Skip to site content

Stalking as a Public Health Concern

by Nicole Stahlmann, MN, RN, SANE-A, AFN-BC, SANE-P, FNE-A/P, forensic nursing consultant, IHS Division of Nursing Services

The National Intimate Partner and Sexual Violence Survey - Report on Stalking indicated that one in three women and one in six men have been stalked at some point in their lives. Nearly one in two (or approximately 48.8 percent) of American Indian and Alaska Native women experienced stalking in their lifetime.

Stalking is a form of power and control, and is a threat to public health. According to the Centers for Disease Control and Prevention, stalking “involves a perpetrator’s use of a pattern of harassing or threatening tactics that are both unwanted and cause fear or safety concerns in a victim.” Every victimization is unique, but some stalking victims have reported feelings of fear, being threatened, and concern for overall safety of themselves, family, pets, or friends, and feeling vulnerable, confused and frustrated by the perpetrator.

The CDC states that stalking tactics can include:

  • unwanted following or watching of the victim
  • unwanted approaching or showing up in places, such as the victim’s home, place of employment, or school
  • unwanted text messages, calls, or posts to social media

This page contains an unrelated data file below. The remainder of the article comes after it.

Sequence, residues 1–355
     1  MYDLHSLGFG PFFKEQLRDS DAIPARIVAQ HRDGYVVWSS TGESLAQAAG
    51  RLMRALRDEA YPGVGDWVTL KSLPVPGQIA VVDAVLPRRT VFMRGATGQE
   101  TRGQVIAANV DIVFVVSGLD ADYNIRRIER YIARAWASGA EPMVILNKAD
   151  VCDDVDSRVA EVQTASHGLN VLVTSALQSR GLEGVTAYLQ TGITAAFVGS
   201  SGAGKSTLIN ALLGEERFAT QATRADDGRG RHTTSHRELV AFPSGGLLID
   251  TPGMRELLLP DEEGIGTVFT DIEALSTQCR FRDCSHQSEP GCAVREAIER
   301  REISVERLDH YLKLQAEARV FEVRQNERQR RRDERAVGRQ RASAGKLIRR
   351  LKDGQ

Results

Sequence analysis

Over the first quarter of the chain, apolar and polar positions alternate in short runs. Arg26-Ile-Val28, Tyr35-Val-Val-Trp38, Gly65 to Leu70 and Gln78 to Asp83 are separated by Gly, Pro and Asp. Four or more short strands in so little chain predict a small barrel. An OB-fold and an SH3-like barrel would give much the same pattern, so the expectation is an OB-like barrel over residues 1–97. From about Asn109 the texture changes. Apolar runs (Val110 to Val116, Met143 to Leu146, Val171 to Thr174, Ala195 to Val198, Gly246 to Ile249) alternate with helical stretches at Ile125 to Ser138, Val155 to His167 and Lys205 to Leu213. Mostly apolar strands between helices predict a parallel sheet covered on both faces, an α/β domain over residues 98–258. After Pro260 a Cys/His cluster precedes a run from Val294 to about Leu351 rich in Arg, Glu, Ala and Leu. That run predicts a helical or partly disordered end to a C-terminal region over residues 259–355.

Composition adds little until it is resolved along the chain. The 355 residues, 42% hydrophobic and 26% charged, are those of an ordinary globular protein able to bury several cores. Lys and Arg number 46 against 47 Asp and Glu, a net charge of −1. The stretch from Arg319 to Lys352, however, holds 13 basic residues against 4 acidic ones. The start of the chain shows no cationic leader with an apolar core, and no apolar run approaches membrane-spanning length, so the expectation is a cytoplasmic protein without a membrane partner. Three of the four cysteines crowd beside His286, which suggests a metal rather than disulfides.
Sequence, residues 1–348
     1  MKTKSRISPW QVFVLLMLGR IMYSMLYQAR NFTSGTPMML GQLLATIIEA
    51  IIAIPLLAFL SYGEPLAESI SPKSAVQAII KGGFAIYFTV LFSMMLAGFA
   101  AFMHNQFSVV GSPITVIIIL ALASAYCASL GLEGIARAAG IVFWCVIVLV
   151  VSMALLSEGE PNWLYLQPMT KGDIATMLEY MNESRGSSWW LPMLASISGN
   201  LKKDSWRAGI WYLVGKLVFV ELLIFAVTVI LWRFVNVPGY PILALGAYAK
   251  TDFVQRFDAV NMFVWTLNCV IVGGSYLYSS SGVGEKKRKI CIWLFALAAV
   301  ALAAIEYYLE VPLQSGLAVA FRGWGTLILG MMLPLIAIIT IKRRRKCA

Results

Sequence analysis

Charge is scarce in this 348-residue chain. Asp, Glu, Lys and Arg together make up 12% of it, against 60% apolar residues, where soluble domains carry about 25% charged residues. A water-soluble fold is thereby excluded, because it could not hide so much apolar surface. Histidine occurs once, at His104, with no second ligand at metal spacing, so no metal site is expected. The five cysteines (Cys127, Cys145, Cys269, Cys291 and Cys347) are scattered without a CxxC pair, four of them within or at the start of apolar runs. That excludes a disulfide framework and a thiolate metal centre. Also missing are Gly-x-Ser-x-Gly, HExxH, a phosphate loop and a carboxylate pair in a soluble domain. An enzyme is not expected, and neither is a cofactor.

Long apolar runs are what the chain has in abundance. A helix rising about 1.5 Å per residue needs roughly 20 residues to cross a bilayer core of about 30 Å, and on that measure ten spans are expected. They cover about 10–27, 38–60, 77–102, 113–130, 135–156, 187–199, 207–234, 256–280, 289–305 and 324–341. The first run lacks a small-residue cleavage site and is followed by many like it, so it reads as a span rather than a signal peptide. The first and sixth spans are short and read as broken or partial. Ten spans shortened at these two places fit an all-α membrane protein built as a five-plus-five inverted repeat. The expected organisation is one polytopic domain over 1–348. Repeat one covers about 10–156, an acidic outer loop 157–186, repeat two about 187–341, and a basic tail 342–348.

• unwanted use of technology to track or monitor the victim
  • leaving strange or potentially threatening items for the victim to find
  • unwanted cards, letters, flowers, gifts damaging personal property harassment, which includes harassing the victim, their family, or friends, and
  • hacking into online accounts and changing settings, passwords, or personal information, etc.

On December 29, 2023, President Joe Biden reaffirmed the commitment to building a future where everyone can live free from fear, threats, and abuse, with a Proclamation on National Stalking Awareness Month, 2024.

January is National Stalking Awareness Month. As the IHS remains committed to raising awareness, we are taking vital actions to reducing the impact of violence, such as creating resources, building forensic healthcare champions, and aligning with a preventative vision for a healthier future.

Helpful Resources:

Nicole Stahlmann, MN, RN, SANE-A, AFN-BC, SANE-P, FNE-A/P, forensic nursing consultant, IHS Division of Nursing Services
Nicole Stahlmann, MN, RN, SANE-A, AFN-BC, SANE-P, FNE-A/P, serves as the forensic nursing consultant with the IHS Division of Nursing Services. Prior to her work with IHS, she served as a forensic nursing specialist with the International Association of Forensic Nurses and was the clinical program manager for the District of Columbia Forensic Nurse Examiners. Stahlmann was an emergency department nurse and adjunct instructor, teaching both undergraduate and master prepared students at Georgetown University. She continues to practice clinically, providing care for patients who have experienced violence.